Ducks add beauty to a backyard pond while providing eggs for the table. While the characteristics of many breeds make it easy to tell the males from the females by the time a duckling is 4 months old or younger, it's not always easy to know when a female duck is going to start laying. Ducks often lay eggs in hard to find spots -- sometimes camouflaging them in mud -- so you'll need to observe her closely to know when she's ready to lay.
Timing Is Everything
A female duck is sexually mature and begins egg development at about 6 months old, although some may not begin laying until 7 months of age. If she matures during the winter when days are short, she will not begin laying until springtime unless you provide supplemental light for a total of 15 to 17 hours of light per day.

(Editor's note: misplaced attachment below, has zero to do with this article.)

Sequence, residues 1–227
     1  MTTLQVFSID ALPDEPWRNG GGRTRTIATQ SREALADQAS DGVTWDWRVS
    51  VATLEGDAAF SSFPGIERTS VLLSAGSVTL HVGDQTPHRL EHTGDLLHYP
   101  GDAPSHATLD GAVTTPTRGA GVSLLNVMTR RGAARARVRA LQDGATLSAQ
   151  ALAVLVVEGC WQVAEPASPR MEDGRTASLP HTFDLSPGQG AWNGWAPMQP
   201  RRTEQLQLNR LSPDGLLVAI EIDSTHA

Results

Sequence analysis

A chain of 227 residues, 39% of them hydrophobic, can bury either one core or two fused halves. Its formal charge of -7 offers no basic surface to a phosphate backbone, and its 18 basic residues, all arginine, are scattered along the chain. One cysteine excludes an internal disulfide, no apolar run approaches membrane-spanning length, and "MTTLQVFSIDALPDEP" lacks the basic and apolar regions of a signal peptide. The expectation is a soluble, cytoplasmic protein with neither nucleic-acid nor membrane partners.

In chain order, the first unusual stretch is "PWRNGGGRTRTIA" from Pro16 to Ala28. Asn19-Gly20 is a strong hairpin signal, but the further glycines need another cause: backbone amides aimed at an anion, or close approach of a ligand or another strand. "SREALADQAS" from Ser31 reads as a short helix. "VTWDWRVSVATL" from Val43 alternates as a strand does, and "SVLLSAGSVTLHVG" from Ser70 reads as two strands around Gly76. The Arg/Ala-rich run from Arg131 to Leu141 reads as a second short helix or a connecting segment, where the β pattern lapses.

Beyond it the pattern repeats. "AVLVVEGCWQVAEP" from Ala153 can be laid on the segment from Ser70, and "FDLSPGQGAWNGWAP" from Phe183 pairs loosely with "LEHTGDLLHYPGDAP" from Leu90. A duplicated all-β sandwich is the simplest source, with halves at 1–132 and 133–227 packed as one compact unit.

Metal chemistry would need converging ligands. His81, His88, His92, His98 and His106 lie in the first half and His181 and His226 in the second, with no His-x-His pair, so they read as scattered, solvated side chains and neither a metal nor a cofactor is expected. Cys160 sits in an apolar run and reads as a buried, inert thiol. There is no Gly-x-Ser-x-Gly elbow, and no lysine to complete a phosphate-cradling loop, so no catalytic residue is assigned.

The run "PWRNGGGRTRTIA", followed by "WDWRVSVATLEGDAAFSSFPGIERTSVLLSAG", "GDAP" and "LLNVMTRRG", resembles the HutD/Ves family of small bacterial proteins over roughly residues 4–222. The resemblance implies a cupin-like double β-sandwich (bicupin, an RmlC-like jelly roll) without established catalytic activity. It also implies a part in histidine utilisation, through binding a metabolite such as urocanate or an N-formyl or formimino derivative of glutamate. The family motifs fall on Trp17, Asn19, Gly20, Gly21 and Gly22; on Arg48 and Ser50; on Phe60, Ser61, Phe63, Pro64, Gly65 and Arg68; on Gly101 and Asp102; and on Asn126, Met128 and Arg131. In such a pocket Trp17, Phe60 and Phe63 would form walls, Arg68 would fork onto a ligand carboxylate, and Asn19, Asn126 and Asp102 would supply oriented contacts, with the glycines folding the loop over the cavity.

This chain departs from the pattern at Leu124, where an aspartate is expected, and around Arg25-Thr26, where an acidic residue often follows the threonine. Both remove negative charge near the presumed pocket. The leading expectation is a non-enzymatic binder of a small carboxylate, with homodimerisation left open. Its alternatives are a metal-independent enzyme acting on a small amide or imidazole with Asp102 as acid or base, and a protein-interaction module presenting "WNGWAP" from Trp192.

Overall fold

That Laying Feeling
Most ducks lay eggs very early in the morning, so you probably won't notice her heading for her nest box. You can tell if a duck is laying by feeling her pelvic bones as you hold her. A duck's pelvic bones spread and become flexible when she is capable of laying eggs. You will be able to place three or four fingers between the pelvic bones of a medium-sized laying duck, where a non-laying duck will only have a two-finger width between her bones.
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